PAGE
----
Saturday, October 18, 2008

CD of the Day - "Grover Washington, Jr.: Inner City Blues"

CD of the Day
Grover Washington, Jr.: "Inner City Blues" (Verve) 2008

A welcomed digipack reissue of Grover's debut solo album, recorded in September 1971 and originally released on January 25, 1972, as the third LP on CTI's subsidary label Kudu. Later on, Motown - CTI's distributor in the mid-70s - took control of all Grover's albums and reissued it on CD in the 80s. Now that the whole Motown catalog belongs to the Universal Music Group, Grover's Kudu albums are now being reissued on Verve's "Originals" series. Quite confusing, hum?

Jazz historian Doug Payne give us more details: "Inner City Blues proved to be a huge soul-jazz success. Each one of Washington's successive albums, guided by Bob James's deft arrangements, continued to gain in popularity until 1975, when Feels So Good and Mister Magic reigned the charts. Indeed, it was Washington's popularity that helped Creed Taylor end the distribution relationship he formed with Motown Records in 1974. When Taylor sought independence from Motown in 1977, he had to sacrifice Grover Washington, Jr. and the saxophonist's entire Kudu catalog to the Detroit-based soul label (even though Washington made only two records for Motown before departing for even bigger success at Elektra records in 1980)." For "bigger success", we shall read the platinum "Winelight" album, maybe the first best-selling smooth jazz date.

Adored by many--his record sales have been consistently impressive--but criticized by jazz purists, the late Grover Washington, Jr. remains one of the most well-known saxophonists of his generation, strongly influencing such players as Kenny G., George Howard and Najee (argh!) His music spearheaded the quiet storm and smooth jazz trends in jazz radio.

Back to "Inner City Blues". Originally, this was supposed to be Hank Crawford's debut LP for Kudu, but since the alto saxophonist failed to show up for the session (he was arrested after discussing with a policeman in a gas station, while driving to Van Gelder's studio in New Jersey), Grover Washington Jr. got the green light from producer Creed Taylor to take his place. Grover, who had performed three months earlier on Kudu's debut session, Johnny Hammond's "Breakout", had been hired as a member of the horn section for Crawford's date, and when HC didn't show, Creed called Vic Chirumbolo, his right hand VP back at the office. "Hank's not here and I've to decide who will play the lead parts. What do you think? Eric Gale or Grover?" Vic suggested Grover and the rest is history. As a sideman, he was supposed to play tenor sax and switched to alto at Creed's request, to fit better with Bob James' scores.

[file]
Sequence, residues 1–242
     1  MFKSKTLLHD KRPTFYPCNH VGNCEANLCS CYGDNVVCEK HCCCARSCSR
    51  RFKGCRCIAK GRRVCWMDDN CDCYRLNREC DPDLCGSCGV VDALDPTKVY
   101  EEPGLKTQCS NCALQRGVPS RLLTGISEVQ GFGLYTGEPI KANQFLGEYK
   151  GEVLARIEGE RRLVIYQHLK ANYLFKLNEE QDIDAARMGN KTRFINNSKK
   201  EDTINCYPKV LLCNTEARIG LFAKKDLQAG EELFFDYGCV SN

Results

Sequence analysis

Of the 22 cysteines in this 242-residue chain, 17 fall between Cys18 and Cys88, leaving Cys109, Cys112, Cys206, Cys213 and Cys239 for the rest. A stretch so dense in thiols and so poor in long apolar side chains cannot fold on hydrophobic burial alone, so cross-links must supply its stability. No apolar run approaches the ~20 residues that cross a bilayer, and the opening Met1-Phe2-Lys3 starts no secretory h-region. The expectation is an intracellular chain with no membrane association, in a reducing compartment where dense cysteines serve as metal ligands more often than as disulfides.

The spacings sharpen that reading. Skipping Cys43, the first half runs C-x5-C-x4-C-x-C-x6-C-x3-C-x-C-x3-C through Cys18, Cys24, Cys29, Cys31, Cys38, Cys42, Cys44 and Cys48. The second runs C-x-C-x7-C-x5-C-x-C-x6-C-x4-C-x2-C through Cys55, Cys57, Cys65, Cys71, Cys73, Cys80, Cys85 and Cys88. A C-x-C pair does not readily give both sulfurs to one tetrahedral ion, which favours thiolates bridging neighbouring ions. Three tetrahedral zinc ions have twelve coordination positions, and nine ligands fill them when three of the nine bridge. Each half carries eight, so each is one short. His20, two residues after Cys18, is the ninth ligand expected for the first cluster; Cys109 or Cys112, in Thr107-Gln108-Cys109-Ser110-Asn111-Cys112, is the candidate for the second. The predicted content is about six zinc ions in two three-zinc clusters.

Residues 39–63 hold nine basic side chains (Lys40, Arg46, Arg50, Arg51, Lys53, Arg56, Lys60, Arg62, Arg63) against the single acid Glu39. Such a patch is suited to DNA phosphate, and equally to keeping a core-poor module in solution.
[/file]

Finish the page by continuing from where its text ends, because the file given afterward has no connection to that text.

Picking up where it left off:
"Inner City Blues" sold over 400,000 copies and got rave reviews, even in DownBeat, receiving a 4-star rating by renowned jazz critic Dan Morgenstern. Of course in a time (the early 70s) when there was less prejudice and less racism in the jazz world. Grover became a star.

Washington's hearty, smoothly melodious but emotional sax meshes wonderfully with a veritable who's-who of fusion and what later came to be known as crossover jazz--Bob James on Fender Rhodes, Richard Tee on Hammond, Eric Gale on guitar, Airto Moreira on congas & percussion, and master jazz-funk drummer Idris Muhammad. "Inner City Blues" is a near-idea combination of sophistication and soulfulness, of directness and classy musicianship.

The repertoire, smartly selected by Creed Taylor, includes two songs from Marvin Gaye's historical "What's Goin On" album: "Inner City Blues" (with Airto playing tambourine) and "Mercy Mercy Me", plus an extended arrangement of Bill Withers' "Ain't No Sunshine" and a surprisingly inventive score to Gershwin's "I Loves You, Porgy", which includes a semi-bossa section featuring Thad Jones, Wayne Andre and Ron Carter's warm & big tone. There are two ballads: Hoagy Carmichael's "Georgia on My Mind" (Ray Charles' signature song) and Buffy Saint-Marie's "Until It's Time For You To Go". This new remastering, by Kevin Reeves, sounds far superior to all other previous CD reissues this album already had in the USA and Japan.

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